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Assad At Ease, An Exclusive Face-To-Face In A Surreal Damascus

Monica Maggioni, head of Italy's Rai news service, recounts her meeting this week with Syrian President Bashar al-Assad inside his private Damascus villa: "He looks nothing like the defeated leaders of this era."

Assad At Ease, An Exclusive Face-To-Face In A Surreal Damascus
Monica Maggioni*

DAMASCUS — He's the most controversial man in the world, the most talked about president. He was supposed to get bombed by the Americans, until the operation was called off at the last minute. He's also the No. 1 target for ISIS, other regime opponents and several neighboring countries.

In spite of all that, and after four years of war, he still lives in a bourgeois neighborhood of Damascus. No bunker or underground hideout: The 50-year-old Bashar al-Assad spends part of his day here in the center of town, amidst nondescript, mostly gray buildings, tidy apartments and balconies with long lines of laundry out to dry. His villa is just a tad bigger than those next door.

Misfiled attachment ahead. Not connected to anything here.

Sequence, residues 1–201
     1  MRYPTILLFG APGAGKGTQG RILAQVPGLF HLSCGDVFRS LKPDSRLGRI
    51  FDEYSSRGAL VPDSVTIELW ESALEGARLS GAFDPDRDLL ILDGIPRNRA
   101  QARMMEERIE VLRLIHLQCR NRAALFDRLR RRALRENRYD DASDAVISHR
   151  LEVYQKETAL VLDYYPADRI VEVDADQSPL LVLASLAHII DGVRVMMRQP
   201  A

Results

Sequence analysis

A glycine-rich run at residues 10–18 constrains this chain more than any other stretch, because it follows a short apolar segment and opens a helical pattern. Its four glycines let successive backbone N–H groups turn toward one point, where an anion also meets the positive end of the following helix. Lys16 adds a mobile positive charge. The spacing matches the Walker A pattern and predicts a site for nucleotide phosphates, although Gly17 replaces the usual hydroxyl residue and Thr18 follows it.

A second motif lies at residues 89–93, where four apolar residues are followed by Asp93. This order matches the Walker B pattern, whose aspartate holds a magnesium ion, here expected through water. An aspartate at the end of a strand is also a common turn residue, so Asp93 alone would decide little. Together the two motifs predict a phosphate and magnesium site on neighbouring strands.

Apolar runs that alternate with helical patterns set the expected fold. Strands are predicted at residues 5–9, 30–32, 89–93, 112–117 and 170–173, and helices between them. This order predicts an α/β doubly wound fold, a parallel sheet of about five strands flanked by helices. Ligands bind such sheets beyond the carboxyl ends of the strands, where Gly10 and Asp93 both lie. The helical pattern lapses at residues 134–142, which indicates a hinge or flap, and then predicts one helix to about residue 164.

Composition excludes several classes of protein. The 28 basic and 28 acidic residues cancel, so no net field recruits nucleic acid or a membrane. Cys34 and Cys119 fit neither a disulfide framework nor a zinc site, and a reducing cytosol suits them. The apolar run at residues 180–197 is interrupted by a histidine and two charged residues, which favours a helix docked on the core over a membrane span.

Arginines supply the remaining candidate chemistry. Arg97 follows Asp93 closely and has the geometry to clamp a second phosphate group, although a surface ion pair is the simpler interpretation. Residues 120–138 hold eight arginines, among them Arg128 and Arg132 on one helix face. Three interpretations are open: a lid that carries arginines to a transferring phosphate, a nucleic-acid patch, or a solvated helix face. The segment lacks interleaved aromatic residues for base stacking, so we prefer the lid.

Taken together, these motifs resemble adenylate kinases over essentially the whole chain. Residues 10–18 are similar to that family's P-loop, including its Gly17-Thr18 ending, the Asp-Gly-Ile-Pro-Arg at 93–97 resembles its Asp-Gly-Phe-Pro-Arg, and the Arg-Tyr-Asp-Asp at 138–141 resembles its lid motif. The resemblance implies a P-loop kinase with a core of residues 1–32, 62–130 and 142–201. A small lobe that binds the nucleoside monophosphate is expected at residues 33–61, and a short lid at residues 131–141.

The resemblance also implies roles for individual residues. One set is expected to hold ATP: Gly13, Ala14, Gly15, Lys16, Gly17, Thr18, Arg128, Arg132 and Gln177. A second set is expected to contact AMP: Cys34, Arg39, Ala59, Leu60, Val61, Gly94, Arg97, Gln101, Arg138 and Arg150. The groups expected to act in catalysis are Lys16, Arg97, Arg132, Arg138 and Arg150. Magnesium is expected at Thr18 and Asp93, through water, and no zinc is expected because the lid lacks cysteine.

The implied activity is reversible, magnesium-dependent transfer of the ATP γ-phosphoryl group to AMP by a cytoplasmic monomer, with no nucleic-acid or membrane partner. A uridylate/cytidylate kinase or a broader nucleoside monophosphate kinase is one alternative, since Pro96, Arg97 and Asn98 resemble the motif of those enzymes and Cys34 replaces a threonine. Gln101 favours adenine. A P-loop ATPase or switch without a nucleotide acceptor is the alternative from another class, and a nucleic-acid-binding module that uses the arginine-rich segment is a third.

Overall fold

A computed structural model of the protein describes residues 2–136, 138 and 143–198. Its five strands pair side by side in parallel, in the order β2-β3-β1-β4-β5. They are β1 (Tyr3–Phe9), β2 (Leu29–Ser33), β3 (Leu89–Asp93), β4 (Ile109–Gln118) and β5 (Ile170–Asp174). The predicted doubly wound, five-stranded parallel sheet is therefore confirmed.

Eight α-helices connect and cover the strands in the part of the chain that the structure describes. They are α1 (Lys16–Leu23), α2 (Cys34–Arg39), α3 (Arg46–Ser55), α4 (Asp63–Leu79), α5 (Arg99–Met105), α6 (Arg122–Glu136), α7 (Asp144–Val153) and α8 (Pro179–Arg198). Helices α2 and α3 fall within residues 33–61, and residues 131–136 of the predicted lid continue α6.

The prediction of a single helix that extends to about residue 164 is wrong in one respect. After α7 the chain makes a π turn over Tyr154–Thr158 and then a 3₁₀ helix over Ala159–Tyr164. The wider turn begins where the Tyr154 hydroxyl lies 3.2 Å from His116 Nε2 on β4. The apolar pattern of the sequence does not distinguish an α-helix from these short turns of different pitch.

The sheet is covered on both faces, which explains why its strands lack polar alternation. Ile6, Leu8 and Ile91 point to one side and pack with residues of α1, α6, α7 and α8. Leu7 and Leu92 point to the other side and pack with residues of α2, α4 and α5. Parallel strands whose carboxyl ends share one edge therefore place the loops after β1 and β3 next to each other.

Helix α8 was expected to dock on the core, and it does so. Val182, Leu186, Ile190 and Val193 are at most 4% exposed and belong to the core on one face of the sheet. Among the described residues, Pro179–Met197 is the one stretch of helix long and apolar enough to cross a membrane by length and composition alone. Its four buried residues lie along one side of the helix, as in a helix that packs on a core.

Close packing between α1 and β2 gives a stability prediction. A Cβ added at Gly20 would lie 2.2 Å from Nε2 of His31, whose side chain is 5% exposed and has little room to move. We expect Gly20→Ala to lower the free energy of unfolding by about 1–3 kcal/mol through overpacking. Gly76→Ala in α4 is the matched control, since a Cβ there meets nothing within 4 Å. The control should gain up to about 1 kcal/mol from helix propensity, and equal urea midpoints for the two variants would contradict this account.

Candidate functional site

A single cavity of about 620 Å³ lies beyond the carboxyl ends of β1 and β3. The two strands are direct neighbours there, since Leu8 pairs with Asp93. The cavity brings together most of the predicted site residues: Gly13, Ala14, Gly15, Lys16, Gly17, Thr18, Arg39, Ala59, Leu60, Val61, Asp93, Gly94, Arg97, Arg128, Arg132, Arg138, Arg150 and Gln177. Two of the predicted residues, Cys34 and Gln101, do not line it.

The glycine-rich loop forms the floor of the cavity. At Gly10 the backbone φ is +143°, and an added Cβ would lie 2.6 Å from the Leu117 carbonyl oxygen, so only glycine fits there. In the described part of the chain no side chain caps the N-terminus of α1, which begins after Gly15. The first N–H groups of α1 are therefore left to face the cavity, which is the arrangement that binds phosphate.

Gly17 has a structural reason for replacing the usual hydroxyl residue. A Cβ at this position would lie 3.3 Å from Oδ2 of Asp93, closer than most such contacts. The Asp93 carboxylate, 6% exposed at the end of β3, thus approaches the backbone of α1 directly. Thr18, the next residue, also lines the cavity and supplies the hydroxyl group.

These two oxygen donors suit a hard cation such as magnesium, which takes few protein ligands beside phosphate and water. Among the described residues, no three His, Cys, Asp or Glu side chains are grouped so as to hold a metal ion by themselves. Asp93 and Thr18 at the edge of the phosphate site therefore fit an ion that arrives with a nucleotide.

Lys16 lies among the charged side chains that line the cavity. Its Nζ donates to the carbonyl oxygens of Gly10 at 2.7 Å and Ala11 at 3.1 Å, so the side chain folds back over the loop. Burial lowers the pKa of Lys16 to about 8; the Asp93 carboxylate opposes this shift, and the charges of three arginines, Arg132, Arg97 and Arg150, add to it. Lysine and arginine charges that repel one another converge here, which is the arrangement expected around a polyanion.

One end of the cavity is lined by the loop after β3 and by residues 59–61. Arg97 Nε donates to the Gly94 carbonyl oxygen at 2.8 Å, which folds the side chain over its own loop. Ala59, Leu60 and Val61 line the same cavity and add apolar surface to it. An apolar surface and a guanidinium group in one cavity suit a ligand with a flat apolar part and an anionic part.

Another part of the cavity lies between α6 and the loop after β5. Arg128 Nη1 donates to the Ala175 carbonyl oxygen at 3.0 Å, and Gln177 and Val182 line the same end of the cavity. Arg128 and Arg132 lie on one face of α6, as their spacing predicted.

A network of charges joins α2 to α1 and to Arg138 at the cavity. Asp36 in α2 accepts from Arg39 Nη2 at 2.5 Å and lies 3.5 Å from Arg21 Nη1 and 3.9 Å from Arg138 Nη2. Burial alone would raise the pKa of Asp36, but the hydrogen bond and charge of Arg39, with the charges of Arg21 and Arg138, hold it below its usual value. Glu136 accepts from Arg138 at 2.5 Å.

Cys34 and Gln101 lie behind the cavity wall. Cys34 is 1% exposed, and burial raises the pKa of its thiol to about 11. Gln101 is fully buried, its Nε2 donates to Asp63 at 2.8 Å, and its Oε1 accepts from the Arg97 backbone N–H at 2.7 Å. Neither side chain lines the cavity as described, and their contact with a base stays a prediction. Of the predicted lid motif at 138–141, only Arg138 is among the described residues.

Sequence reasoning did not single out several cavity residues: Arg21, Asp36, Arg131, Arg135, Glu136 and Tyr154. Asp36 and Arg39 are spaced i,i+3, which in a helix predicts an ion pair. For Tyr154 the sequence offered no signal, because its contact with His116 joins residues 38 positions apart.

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People walk by a mall destroyed by Russian shelling in Irpin, Ukraine. More than 300 civilians died in this city close to Kyiv. A month after the Russian troops’ withdrawal, its inhabitants are gradually returning to their devastated homes.

Lisa Berdet, Lila Paulou, Anne-Sophie Goninet and Bertrand Hauger

👋 Bonjour!*

Welcome to Tuesday, where Russia declares victory in Mariupol as the 82-day siege ends, Biden’s administration lifts some Trump-era restrictions on Cuba and NASA’s rover starts digging around for life on Mars. Meanwhile, America Economia explains how blockchain technology could take the cannabis business to an all-time high.

[*French]

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